Alex Morton is Director of Policy at the Centre for Policy Studies, and was a member of David Cameron’s Downing Street Policy Unit.

We all know that people on the left tend to think that justice and righteousness are on their side. But increasingly they also seem to feel that right-wing views are simply illegitimate to hold.

The panels on the BBC’s flagship political shows, as we’re all aware, are massively biased in favour of Remain. But if goes beyond that. The ERG are consistently described in the press as “hardliners”, whereas if you are trying overturn the largest democratic mandate in British history by supporting a second referendum before implementing the result of the first, in defiance of the manifesto upon which you were elected, you are portrayed as a principled objector.

Or consider the media response if 15,000 children had played truant to call for balanced immigration policies (which the vast majority of voters would support), rather than to protest against a doomsday version of climate change. I suspect the papers would be full of the reports on the threat of indoctrination by politically motivated teachers – if the organisers were not already being investigated for thought-crime.

It is not just the media. Holding right-wing views, being right-wing, or even just departing from the politically correct orthodoxy, is an increasingly risky business.

More recently, the CEO of the charity Women’s Aid – the impeccably progressive Katie Ghose – was forced to step down because (in her previous role as head of the Electoral Reform Society) she had paid UKIP some pro forma compliments while speaking on a panel at its conference.

Even the state is attacking right-wingers and right-wing views

The problem is not just that a culture war is raging. It is that the state – even under a Conservative Government – is often leading the charge.

A 74-year-old from Suffolk was contacted by police after writing about gender issues – despite not committing any crime, and despite there apparently not being enough officers on the streets to deal with knife crime. Miranda Yardley, a transsexual who dissents from the new orthodoxy on gender identity, was charged with hate crime after getting into a Twitter spat. After ten months of hell, the case collapsed on its first day, with the judge ruling that “there is no case and never was a case”.

A few years back, we had the loving foster parents who had three children removed from their care because they had committed the crime of supporting UKIP. (Ironically, by the same left-wing council in Rotherham that was later found to have covered up sexual abuse by racist grooming gangs.)

If you are an advertiser whose campaigns “support sexist stereotypes” you can have them pulled from the public gaze without compensation. And God help you if you try to show Londoners a picture of butter.

If you are a free market think tank, you can be told off by the Government quango the Charity Commission for being too political, while big charities continue to push a left-wing agenda of more state spending. The British state itself will often donate large sums to these charities, which then lobby for more state spending and state intervention. Meanwhile, vast numbers of quangos constantly pump out calls for more intervention and banning and restricting (a recent favourite being banning gas hobs).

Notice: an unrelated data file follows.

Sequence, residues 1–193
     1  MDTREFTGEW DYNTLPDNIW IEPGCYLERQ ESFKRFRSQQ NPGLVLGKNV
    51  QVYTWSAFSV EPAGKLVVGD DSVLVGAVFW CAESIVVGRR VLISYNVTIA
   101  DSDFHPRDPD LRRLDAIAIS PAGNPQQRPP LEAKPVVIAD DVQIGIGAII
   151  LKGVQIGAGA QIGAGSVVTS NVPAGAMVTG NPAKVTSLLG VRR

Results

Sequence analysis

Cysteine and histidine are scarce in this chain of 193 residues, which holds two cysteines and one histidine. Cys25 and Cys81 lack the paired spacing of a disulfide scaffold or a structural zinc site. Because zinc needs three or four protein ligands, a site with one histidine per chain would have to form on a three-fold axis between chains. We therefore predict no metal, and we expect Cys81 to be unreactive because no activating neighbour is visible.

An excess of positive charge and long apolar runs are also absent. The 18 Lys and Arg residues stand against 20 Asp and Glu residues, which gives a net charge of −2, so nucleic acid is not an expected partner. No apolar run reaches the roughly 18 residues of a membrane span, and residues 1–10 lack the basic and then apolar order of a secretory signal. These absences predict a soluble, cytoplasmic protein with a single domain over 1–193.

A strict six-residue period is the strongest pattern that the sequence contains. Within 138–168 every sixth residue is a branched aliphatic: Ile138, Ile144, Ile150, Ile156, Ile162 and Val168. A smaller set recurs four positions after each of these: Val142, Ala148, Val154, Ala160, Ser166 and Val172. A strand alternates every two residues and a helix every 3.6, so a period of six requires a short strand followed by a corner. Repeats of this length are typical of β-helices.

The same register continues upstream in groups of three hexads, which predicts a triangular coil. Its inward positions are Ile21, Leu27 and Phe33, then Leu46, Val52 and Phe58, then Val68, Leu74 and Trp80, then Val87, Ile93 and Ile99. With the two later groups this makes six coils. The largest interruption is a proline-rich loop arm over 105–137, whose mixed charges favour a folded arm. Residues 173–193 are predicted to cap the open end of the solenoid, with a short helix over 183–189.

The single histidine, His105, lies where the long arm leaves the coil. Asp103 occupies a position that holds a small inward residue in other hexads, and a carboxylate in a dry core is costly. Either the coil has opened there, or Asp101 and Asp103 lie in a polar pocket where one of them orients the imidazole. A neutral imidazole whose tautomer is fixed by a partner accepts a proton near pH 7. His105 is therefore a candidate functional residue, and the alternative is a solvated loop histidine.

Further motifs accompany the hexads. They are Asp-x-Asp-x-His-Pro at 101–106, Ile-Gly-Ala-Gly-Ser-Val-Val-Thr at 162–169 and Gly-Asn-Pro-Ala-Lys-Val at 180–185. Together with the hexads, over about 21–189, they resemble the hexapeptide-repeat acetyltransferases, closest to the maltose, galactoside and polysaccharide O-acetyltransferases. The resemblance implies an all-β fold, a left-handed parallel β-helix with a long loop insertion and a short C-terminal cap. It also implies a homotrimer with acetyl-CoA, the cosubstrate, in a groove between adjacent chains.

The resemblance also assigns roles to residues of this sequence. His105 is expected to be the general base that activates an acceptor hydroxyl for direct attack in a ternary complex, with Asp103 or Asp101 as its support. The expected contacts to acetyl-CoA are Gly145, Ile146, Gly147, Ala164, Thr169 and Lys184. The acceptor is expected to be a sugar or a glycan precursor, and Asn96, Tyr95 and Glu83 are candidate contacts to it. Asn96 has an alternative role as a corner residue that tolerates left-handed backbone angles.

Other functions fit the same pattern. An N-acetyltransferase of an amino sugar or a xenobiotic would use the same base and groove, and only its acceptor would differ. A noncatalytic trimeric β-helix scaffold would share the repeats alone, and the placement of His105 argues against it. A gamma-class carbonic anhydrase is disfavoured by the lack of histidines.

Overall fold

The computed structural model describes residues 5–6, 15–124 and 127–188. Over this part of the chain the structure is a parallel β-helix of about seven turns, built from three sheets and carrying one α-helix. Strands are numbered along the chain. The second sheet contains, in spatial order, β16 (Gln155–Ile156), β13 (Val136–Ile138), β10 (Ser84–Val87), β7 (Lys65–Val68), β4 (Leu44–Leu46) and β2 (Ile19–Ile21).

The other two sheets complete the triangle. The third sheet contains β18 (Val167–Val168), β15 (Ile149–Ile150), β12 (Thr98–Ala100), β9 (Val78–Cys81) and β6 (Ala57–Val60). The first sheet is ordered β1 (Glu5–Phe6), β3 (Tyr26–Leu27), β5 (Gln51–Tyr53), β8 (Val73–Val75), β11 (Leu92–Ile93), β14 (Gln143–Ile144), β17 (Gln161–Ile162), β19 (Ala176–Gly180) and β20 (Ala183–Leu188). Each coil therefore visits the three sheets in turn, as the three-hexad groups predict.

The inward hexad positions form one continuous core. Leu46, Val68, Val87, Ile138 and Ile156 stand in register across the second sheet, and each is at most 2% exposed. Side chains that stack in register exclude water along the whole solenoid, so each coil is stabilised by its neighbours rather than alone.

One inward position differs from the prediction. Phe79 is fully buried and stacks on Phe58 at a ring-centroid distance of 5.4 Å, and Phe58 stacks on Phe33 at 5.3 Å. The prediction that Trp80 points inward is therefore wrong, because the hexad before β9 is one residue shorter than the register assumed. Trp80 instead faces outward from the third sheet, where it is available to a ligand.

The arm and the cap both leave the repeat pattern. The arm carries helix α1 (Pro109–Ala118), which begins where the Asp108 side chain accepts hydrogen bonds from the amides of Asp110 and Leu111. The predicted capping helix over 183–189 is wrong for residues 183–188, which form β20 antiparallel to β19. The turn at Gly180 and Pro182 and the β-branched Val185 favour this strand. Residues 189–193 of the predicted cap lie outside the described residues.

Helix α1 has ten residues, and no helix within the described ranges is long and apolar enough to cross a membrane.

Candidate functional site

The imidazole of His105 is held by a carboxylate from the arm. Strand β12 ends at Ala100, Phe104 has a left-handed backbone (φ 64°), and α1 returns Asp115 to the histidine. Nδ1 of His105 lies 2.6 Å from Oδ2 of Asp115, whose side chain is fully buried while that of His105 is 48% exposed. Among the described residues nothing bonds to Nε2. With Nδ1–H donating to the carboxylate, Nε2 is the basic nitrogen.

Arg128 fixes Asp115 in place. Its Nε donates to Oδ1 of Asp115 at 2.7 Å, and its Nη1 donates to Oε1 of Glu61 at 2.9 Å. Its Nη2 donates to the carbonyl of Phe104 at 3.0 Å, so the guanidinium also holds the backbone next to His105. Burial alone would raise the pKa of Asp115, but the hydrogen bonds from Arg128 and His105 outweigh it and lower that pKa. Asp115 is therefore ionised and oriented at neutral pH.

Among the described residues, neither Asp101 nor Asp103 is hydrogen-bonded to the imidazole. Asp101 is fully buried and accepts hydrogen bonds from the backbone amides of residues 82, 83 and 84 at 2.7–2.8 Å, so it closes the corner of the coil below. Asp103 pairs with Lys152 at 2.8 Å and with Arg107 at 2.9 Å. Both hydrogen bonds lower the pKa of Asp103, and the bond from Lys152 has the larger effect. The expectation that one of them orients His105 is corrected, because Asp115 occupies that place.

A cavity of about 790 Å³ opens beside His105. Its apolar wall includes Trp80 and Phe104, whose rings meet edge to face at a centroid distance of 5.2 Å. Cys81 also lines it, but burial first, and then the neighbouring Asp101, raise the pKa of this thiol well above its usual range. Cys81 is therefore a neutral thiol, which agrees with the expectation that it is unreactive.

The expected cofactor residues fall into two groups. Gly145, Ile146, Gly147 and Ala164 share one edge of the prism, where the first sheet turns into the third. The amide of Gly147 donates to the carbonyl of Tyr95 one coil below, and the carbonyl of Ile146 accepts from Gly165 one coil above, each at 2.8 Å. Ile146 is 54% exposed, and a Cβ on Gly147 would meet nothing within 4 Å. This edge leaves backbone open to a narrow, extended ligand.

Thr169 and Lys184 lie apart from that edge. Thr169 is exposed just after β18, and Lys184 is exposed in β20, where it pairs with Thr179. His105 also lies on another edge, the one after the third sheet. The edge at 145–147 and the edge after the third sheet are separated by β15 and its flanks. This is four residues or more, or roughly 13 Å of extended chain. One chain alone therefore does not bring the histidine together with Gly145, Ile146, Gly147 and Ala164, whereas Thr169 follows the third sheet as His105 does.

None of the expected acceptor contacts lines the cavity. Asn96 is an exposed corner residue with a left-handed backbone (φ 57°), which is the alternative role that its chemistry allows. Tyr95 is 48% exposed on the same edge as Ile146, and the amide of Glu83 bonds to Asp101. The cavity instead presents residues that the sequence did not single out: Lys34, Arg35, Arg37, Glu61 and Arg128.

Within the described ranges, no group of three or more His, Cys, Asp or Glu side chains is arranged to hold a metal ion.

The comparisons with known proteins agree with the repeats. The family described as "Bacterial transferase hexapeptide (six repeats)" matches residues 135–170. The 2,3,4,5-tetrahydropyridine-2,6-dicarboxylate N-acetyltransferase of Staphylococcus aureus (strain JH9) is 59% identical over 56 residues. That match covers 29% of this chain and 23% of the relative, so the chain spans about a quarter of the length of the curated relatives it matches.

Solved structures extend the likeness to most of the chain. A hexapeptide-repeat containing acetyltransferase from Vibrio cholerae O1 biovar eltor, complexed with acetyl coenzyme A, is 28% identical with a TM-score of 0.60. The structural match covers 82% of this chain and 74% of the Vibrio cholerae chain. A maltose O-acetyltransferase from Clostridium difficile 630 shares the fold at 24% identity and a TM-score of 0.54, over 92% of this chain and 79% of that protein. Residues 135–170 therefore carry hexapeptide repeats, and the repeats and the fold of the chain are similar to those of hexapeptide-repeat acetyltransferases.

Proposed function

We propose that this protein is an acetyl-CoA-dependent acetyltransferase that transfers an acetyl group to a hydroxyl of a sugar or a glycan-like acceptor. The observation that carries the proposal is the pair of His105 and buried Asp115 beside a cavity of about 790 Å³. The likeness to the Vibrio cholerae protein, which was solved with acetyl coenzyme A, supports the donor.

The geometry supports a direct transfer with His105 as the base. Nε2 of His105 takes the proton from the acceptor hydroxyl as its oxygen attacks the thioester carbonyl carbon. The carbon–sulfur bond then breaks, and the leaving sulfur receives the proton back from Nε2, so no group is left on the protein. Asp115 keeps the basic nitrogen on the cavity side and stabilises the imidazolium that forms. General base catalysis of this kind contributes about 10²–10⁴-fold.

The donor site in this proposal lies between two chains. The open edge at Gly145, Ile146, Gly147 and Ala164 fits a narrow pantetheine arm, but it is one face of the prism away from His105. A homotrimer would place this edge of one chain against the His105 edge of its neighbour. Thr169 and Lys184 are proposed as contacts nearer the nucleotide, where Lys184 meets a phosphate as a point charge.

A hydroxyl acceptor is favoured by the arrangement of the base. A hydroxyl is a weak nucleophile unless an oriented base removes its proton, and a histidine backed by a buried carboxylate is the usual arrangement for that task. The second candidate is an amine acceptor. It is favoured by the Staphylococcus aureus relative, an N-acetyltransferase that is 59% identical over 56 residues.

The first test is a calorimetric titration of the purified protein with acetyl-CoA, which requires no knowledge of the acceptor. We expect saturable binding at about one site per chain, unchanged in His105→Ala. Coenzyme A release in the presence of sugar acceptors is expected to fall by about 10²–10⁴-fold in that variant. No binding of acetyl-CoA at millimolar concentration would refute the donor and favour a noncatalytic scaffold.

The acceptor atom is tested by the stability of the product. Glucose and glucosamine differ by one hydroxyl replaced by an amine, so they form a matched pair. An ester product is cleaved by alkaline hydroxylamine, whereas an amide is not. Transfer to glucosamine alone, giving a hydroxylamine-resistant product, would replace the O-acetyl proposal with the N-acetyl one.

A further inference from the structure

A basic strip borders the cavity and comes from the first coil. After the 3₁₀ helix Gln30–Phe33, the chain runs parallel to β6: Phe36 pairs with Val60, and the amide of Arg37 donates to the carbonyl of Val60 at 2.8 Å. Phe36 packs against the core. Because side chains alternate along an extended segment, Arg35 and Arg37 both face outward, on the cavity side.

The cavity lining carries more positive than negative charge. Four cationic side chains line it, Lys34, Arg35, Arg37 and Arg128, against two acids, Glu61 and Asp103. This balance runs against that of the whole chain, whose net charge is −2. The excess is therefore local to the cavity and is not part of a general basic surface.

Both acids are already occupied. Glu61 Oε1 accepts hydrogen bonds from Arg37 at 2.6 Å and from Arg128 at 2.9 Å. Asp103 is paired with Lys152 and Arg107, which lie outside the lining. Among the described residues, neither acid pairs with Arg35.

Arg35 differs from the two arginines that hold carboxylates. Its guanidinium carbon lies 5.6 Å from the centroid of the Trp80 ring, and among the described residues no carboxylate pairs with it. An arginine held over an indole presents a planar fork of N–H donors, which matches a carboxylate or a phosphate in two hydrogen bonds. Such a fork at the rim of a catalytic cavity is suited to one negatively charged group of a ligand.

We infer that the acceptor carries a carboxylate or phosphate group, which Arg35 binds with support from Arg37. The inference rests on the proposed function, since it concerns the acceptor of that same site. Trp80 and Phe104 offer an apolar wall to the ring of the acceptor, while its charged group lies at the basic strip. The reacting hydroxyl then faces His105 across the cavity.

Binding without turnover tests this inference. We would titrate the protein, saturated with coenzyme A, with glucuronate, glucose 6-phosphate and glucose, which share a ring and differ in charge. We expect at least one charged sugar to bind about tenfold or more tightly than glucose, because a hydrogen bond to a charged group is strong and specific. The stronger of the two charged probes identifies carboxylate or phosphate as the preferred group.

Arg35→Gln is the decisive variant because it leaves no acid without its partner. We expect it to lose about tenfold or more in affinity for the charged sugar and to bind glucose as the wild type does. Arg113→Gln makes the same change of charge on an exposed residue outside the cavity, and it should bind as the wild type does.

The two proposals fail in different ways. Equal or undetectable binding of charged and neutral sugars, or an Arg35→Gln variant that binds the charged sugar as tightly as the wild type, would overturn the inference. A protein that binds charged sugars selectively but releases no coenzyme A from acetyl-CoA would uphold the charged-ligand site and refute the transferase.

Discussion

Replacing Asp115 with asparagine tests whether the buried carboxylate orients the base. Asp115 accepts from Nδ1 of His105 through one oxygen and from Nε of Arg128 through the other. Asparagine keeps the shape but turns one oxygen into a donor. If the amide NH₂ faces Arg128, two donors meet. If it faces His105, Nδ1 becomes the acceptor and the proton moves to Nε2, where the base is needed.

Universities, meanwhile, which are massively supported by the state, are not just 9:1 in favour of Remain but have become a place where we need to “decolonise” the curriculum but simultaneously where no-platforming is on the rise. If I were at university, I would genuinely fear that my grades would be affected by my views.

The police, the BBC, that local authority in Rotherham, the Charity Commission, the Advertising Standards Agency, universities, charities like Women’s Aid – all these are at least partially funded, supported, or even fully operated by the state. Yet have been used to prosecute a war on right-wing people and right-wing views.  No wonder conservative and small-l classical liberal views are in full retreat.

The goal is to shut down debate – especially in the case of the fake liberals

This is not just a case of a few left-wing authoritarians. The self-declared “moderate” centre also contains many people who are prepared to shut down right-wing points of view.

The whole point of a liberal society is you do not tell people what to do, or think or say – other than, for example, banning direct hate speech that incites violence, or stopping direct discrimination against individuals. Yet many people who use the term ‘liberal’ today are anything but.

The goal of much of this is to make people afraid to express right-wing views in public and delegitimise them as a very concept – something which has become more important in the social media era. I have lost track of the number of people who have told me they are afraid of saying things or supporting right-wing causes publicly.

Bias in the media will always be with us – which requires robust, free debate to counter, rather than echoing left-wing calls for censorship. But the state, and all its agencies, should make sure that it is not endorsing, let alone waging, a war on right-wing opinions. That means refusing to fund charities which will not tolerate genuine diversity of views. Trying to ensure more balance within universities and the education system. Punishing regulators, police officers and councils when they clearly overstep the mark.

Conservatives must protect conservatism

Coming out as a gay man at school, I learnt that the more you apologise for yourself, the worse it gets. Conservatives have been told that they should sit down and shut up. Instead, they need to fight back. At the very least, a Conservative government should on basic liberal principles oppose this war on anyone who deviates from the new orthodoxy.